New York Photo Review
NYPR Archives - 2010

Hidden Photographers

Incognito: The Hidden Self-Portrait
Abelardo Morrell, "My Camera and Me, 1991"

All photography begins with light cast across the film plane, making it the medium of illumination par excellence. Normally the photographer as prime mover remains invisible, standing outside the action. Yet, the longing to be the observed as well as the observer has often led the photographer to turn the lens on him or herself.

Foregoing the flat out egotism of the full-faced frontal portrait in favor of a more elusive celebration of the self, Yancey Richardson’s summer exhibit, Incognito: The Hidden Self Portrait offers an interesting variation on this theme.

Degrees of visibility, clarity, and presence reveal an ambivalent narcissism in much of this work. The images on display possess a vanity both solipsistic and vague, where the photographer becomes a voyeur, spying on himself.

Lee Friedlander and Ray Metzker ‘s quite similar studies of their reflections in shop windows have this voyeuristic quality. Using mirrors and windows and reflective surfaces in which to catch sight of himself, Friedlander became known for his quirky black and white self-portraits, but Metzker was primarily a formalist. Ken Josephson’s work from the same period often used his own shadow as a stand-in, pioneering the conceptual double entendre illustrated here by “New York State”.

Not only a medium of light in space but of time in motion, photography is a historical document in which the fugitive nature of identity is visibly tied to the fugitive nature of time. Unlike painting, which is cumulative, photography is necessarily of the moment and the moment is always passing. This is why Civil War tintypes, for example, are so poignant. Those long dead soldiers who gaze at us now with such clarity, their faces glowing on the picture plane, once stood in front of the camera, alive at a precise moment in time.

Pictures such as Mathew Pillsbury’s time-exposed image of himself lolling in front of the TV makes that temporal connection abundantly clear. The subject is disappearing, even as he is appearing, suggesting that identity is a fragile child of time. The handsome out of focus and blurred images by Bill Jacobson and Lynn Saville do something similar, their shadow selves rendering them present but unidentifiable. There, but vaguely so. Like an afterthought.

 by unidentified photographer.
Arno Rafael Minkkinen, "Nauvo, Finland, 1973"

As photography has become more and more subsumed into the art world, all too eagerly aping its inanities, a whole group of photographers have become successful by creating bodies of work that turn on a trick. (William Wegman comes readily to mind.) So much so that art photography is in danger of becoming– as is art itself – a branch of show business.

Rachel Welty whose large color print epitomizes the cleverness endemic in so much recent work presents us with yet another image turning on a trick. Her trick is camouflage. In a meticulously staged image she presents us with herself immersed in a pattern: a clever idea but just that.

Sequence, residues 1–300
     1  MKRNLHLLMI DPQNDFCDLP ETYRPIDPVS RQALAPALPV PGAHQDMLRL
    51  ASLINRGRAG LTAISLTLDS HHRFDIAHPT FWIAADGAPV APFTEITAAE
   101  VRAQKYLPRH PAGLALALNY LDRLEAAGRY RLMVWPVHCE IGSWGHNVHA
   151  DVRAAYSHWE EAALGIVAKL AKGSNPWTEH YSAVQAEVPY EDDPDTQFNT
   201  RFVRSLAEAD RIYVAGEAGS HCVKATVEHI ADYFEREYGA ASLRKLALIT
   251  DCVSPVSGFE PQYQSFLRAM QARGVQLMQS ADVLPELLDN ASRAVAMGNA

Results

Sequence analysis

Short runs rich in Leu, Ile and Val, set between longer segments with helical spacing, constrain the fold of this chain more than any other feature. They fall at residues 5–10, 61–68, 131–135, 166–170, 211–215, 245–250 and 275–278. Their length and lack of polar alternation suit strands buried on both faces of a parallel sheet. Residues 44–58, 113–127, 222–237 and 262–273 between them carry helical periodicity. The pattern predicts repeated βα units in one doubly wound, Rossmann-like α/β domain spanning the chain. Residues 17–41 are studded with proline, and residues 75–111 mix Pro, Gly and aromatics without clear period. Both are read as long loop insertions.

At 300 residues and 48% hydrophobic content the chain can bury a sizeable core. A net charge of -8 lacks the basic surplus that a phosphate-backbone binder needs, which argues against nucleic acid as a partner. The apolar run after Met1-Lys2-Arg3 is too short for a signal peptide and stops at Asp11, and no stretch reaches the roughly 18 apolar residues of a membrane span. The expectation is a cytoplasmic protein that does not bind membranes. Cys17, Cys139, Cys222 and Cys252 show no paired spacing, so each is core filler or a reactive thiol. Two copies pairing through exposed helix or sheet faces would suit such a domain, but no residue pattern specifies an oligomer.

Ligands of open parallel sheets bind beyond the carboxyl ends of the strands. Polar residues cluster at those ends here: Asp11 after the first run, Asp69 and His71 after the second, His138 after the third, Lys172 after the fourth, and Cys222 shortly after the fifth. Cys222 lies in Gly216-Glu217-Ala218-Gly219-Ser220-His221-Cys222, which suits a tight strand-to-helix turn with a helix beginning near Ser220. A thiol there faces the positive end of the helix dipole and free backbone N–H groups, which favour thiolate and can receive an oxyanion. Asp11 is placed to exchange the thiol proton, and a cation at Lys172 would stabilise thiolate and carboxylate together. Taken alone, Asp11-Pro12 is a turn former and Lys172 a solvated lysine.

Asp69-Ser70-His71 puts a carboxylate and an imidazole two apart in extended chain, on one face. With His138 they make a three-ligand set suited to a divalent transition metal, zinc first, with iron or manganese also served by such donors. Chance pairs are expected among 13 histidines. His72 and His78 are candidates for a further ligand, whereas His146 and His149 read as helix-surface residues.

The need for attention often goes hand in hand with sexual display and so we get a lush crop of photographers presenting their own bodies for our inspection. Mostly this self-examination is obvious, but very occasionally it is inspired. Arno Minkkinen’s work, so extraordinary inventive, so psychologically astute, avoids the puerile banalities of most to create stark poetic metaphors. A superb study of his torso, whose contorted form rises out of the water like a sea monster, illustrates his curious ability to arrange himself like any other prop. Strictly speaking, his are not self-portraits at all, for he has drained the self from the body, studying its twisted remains with a cold, objective, remarkably detached eye.

The theme of the eye with its obvious but potent emphasis on seeing, that all important sense in photography, is present in Anne Collier’s and Esko Mannikko’s work. The latter creates a more unusual and unsettling image, seeing herself reflected in an eye, not necessarily human.

David Hilliard’s, The Kiss, both reveals and conceals the object of his desire—someone whose face is obscure, but whose testicles are clearly on display, giving rise to the question: is he identical with his sex?

Perhaps the most evocative and fully realized image in the show is Abelando Morell’s beautifully conceived study of himself in the ground glass of a view camera. Foregrounding the reflective nature of photography as well as portraiture, it sums up in a single image major aspects of the medium, giving us much to think about. As does the show in general.

Unlike many concept-themed shows being staged about town, there is actually a ‘there there’, in the Hidden Self Portrait; Yancey Richardson should be congratulated for putting on an exceptionally well-chosen and intelligent exhibit.


Incognito: The Hidden Self-Portrait


Yancey Richardson Gallery
535 W 22nd St. 3rd Fl
Chelsea         Map

646 230 9610
yanceyrichardson.com

Thursday, July 15 to
Friday, August 27, 2010
Hours: Mon-Fri, 11 to 6
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